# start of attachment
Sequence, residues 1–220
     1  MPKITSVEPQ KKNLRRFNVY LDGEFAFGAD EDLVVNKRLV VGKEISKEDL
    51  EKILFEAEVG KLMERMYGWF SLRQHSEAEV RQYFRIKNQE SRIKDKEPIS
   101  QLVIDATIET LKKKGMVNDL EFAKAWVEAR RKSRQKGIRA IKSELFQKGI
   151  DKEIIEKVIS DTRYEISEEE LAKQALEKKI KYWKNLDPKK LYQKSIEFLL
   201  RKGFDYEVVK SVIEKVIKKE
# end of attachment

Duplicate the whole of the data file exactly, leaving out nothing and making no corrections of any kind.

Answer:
Sequence, residues 1–220
     1  MPKITSVEPQ KKNLRRFNVY LDGEFAFGAD EDLVVNKRLV VGKEISKEDL
    51  EKILFEAEVG KLMERMYGWF SLRQHSEAEV RQYFRIKNQE SRIKDKEPIS
   101  QLVIDATIET LKKKGMVNDL EFAKAWVEAR RKSRQKGIRA IKSELFQKGI
   151  DKEIIEKVIS DTRYEISEEE LAKQALEKKI KYWKNLDPKK LYQKSIEFLL
   201  RKGFDYEVVK SVIEKVIKKE